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Call that a reshuffle? It's a timid lost chance

Question: when is a reshuffle barely a reshuffle at all? Answer: when the man who makes it is called Brian Cowen.

After a month of keeping his colleagues in suspense, the Taoiseach's rejig has proved to be an even damper squib than most of them privately feared -- and with the new Cabinet line-up almost exactly the same as the old, it may well be that his Government has passed the point of no return. This drab, timid reshuffle is a failure on two basic levels.

First, Cowen has given two fingers to public opinion by refusing to sack a single minister, not even the two Marys (Harney and Coughlan) who are widely seen as the Cabinet's weakest links. In this Government, it seems, loyalty means never having to say you're sorry.

Second, the Taoiseach has deliberately chosen not to promote the young, ambitious TDs who might just have been able to freshen up Fianna Fail's jaded image in time for the next general election. Pat Carey and Tony Killeen are sound additions to the Cabinet, but at 62 and 57 they can hardly be expected to represent the future of the party.

As for the swapping around of a few portfolios, it's far from clear what Cowen's thinking. Removing Mary Coughlan from her economic ministry is long overdue, but putting her in charge of education could well be another accident. If the row with teachers over pay cuts is not to end with mass school closures, the Tanaiste will need to show a lot more sensitivity and guile than she's displayed over the last torrid couple of years. Equally, it is a mystery to most FF backbenchers why Cowen has opted to promote Eamon O Cuiv (one of the Government's worst media performers) to the key position of social welfare and demote Mary Hanafin (one of the best) to the relative backwater of tourism, culture and sport.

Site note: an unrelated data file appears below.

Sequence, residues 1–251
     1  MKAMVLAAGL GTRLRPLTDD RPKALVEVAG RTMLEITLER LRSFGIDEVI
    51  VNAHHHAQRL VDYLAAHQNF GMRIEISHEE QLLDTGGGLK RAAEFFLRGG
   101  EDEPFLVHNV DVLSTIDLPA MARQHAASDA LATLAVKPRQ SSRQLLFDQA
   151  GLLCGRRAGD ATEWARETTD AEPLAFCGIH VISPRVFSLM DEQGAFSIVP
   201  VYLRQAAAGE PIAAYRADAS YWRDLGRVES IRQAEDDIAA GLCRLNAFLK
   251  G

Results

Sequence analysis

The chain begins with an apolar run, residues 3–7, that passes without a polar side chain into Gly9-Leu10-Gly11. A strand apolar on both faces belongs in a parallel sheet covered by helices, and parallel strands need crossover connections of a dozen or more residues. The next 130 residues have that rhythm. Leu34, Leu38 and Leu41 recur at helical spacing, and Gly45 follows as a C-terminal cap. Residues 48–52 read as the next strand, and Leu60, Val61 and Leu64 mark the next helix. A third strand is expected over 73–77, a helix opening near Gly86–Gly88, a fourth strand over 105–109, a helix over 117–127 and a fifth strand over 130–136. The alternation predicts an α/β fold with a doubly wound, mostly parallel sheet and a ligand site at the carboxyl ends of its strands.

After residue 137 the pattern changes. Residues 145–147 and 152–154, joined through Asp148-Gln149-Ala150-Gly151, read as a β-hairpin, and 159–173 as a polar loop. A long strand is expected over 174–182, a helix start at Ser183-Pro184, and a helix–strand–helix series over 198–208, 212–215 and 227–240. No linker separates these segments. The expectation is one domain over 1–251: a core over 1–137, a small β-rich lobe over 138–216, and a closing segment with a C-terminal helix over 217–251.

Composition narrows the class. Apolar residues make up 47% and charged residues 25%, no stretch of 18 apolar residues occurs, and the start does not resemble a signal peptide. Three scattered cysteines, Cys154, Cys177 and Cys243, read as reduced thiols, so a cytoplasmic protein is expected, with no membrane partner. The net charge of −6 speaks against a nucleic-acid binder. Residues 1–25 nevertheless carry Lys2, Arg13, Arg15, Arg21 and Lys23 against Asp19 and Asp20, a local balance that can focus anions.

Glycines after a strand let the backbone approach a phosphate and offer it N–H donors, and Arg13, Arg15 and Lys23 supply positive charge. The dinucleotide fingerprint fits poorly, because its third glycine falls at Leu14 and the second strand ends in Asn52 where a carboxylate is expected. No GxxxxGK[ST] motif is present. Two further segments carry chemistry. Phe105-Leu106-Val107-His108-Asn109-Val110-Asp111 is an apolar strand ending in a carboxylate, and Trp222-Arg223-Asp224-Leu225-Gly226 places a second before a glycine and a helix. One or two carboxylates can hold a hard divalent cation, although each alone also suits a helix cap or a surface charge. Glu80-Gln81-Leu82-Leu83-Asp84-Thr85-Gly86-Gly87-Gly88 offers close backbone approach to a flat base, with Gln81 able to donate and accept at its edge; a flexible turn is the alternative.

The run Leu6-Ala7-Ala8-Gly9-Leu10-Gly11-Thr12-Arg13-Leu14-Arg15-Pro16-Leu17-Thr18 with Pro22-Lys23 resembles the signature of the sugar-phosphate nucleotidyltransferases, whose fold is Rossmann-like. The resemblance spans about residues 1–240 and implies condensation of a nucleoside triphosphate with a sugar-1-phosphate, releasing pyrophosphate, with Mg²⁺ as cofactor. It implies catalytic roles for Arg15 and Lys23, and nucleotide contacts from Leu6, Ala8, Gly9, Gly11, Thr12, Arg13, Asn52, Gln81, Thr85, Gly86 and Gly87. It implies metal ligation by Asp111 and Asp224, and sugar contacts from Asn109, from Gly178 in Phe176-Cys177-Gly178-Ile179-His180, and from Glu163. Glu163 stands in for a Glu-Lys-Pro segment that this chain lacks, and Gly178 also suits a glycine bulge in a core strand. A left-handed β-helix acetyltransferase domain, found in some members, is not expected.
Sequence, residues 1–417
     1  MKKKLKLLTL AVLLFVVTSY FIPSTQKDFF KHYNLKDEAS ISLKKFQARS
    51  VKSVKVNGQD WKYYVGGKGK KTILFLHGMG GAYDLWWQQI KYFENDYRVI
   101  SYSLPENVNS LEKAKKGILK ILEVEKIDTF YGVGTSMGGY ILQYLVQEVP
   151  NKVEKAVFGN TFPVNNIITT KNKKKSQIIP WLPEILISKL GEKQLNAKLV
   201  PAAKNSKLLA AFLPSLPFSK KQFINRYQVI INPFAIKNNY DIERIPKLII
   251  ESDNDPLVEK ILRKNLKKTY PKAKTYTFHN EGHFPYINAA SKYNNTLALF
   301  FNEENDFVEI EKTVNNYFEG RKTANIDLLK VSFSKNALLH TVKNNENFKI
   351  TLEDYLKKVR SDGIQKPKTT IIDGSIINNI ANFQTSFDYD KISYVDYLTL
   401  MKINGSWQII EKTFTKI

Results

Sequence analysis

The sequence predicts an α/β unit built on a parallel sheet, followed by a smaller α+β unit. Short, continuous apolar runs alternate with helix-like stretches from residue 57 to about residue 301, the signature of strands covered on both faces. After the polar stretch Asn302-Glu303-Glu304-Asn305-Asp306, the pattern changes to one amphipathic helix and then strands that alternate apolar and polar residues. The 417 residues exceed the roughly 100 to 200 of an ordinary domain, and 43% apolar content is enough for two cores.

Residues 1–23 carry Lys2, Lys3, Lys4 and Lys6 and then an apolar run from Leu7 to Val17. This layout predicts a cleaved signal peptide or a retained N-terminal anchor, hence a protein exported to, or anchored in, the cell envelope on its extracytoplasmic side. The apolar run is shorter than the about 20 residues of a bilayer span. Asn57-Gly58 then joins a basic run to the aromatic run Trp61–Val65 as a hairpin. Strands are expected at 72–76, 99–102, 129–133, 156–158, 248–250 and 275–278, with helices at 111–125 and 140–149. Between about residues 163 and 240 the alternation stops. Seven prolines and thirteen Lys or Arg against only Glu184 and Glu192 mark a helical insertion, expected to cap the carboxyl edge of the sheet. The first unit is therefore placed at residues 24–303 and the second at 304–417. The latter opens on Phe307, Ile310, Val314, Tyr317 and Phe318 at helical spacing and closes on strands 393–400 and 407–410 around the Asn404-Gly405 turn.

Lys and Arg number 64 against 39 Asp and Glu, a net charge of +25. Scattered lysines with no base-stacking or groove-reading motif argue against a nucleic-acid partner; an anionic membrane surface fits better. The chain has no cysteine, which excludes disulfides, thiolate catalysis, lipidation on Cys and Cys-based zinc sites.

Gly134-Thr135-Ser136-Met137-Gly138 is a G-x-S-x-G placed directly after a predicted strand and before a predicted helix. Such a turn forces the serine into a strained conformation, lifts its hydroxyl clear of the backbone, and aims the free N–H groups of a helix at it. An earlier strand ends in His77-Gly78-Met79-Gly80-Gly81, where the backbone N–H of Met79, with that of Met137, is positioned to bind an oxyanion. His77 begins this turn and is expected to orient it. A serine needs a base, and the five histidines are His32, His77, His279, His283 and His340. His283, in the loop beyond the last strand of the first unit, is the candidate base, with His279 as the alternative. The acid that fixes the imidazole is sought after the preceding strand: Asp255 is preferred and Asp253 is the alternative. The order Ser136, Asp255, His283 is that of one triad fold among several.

When the only people truly happy with a reshuffle are the Green Party, it should be obvious that something has gone wrong. Needless to say, the junior coalition partners are delighted after securing jobs for four of their six TDs.


Once again John Gormley has shown that he has Cowen over a barrel -- but since the Green leader's main interest seems to be in creating full employment for his colleagues, he needn't expect much thanks from the electorate.

It didn't have to be this way. When Bertie Ahern suffered disastrous local election losses in 2004, he responded with a radical reshuffle that banished the right-wing finance minister Charlie McCreevy and gave his Cabinet a distinctly more caring image. Although he took a lot of flak for it at the time, with hindsight it was a key turning point on the road to his re-election in 2007. Through a combination of caution, stubbornness and sheer lack of imagination, Cowen has blown a similar opportunity to give his government a new lease of life. It's hard to see him getting a better chance.